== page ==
In 1955, 14-year-old Chicagoan Emmett Till was severely and repeatedly beaten, then shot in the head, and thrown in the Tallahatchie River by two Mississippi men. Three days passed before Emmett’s body was found. This atrocity was committed because a woman claimed that Till had either whistled or spoken rudely to her, claims that years later she admitted were false. The two men who murdered the child were acquitted of the crime by a jury of their peers (white males) in an hour and five minutes.
In reading the Studs Terkel book Race, something that struck me most about the aftermath of Till’s murder was how forgiving Mamie Till, Emmett’s mother, was toward the murderers. Ultimately feeling that there was nothing greater she could do to the men than the judgement god would pass on them, Mamie refused to be broken by grief; she became a school teacher and dedicated her life to Chicago’s educational system. Her decision to have an open casket funeral for her son was a turning point in the Civil Rights movement.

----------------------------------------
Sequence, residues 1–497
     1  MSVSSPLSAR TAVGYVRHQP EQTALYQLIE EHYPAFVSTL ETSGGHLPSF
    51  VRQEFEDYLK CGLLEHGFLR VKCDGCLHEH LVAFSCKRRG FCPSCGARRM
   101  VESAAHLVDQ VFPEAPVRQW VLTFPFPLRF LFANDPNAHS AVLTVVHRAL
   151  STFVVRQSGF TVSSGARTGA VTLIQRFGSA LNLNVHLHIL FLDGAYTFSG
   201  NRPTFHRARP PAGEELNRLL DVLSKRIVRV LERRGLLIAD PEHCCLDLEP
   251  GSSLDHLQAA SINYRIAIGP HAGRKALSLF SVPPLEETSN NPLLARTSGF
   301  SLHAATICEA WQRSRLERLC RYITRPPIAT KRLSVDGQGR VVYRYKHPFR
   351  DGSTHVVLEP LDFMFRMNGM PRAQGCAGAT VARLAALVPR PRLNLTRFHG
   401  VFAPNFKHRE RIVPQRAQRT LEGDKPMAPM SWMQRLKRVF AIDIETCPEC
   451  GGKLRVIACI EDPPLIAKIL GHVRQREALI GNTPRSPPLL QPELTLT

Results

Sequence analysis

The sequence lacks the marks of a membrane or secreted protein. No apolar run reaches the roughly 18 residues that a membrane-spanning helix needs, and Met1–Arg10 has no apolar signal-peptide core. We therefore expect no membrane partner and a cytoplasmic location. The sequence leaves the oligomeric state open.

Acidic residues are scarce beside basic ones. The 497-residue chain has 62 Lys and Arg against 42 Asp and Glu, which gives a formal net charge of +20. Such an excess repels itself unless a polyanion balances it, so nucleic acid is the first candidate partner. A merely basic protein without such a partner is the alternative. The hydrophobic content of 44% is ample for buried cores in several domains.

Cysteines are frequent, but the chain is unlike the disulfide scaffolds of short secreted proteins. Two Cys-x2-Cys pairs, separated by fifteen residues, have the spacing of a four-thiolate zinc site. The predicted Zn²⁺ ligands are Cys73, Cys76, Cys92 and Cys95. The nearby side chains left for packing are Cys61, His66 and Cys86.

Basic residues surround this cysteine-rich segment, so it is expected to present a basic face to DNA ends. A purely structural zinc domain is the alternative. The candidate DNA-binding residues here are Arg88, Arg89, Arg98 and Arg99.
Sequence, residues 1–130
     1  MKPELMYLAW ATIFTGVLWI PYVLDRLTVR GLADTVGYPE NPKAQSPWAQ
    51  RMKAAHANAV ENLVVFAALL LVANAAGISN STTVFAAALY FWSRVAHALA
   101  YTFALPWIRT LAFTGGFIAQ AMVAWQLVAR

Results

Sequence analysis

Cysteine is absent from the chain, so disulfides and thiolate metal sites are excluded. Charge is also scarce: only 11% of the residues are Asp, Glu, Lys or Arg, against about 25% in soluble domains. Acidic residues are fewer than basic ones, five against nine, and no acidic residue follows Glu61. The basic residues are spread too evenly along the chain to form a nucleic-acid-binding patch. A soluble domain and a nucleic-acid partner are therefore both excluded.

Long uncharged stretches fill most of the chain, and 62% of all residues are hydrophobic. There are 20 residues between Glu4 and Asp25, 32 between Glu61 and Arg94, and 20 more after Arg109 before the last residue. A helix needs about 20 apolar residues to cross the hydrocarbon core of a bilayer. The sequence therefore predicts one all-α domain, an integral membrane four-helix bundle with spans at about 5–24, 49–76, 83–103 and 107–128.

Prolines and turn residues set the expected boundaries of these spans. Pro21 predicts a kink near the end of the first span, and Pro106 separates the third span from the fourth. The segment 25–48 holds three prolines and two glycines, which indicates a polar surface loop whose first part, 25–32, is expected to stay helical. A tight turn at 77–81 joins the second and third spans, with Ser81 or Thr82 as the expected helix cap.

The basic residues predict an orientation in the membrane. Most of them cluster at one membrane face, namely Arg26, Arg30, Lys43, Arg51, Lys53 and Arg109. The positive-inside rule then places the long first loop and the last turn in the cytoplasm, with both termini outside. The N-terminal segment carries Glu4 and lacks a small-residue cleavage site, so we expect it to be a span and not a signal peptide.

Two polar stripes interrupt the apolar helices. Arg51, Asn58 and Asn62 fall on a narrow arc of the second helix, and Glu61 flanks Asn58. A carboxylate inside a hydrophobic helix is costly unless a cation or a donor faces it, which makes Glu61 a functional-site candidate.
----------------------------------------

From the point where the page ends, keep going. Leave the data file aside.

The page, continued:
I have never been religious, but the strength Mamie Till found in her faith allowed her to contribute to real and lasting positive social change in the world, which I deeply admire.
This portrait was based on a photograph that Mamie took of her son on Christmas day of 1954, about eight months before Emmett was murdered. Above his head flies a tattered American flag built of the Talking Heads lyric “same as it ever was.”
And why “same as it ever was?” Trayvon Martin, Laquan McDonald, and Stephon Clark, to name a few reasons, though the nature of these murders are different; they were committed by police officers. This is the beginning of a new body of work entitled Facing the Music. Cyntoia Brown is next.